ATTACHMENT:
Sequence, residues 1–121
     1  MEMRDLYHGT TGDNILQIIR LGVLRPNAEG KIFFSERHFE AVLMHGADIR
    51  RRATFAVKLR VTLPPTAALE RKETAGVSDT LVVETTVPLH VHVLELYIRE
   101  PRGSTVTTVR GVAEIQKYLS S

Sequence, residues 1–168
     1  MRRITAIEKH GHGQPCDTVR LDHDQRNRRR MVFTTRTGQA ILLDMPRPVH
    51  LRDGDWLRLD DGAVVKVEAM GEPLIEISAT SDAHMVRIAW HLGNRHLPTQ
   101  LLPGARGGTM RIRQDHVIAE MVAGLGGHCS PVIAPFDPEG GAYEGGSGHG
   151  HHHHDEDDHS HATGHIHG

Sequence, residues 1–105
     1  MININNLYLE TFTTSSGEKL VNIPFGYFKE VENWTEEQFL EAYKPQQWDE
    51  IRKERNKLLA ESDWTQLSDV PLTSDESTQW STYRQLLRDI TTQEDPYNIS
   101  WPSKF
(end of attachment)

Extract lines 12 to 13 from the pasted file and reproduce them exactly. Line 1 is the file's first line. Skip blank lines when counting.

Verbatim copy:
    51  IRKERNKLLA ESDWTQLSDV PLTSDESTQW STYRQLLRDI TTQEDPYNIS
   101  WPSKF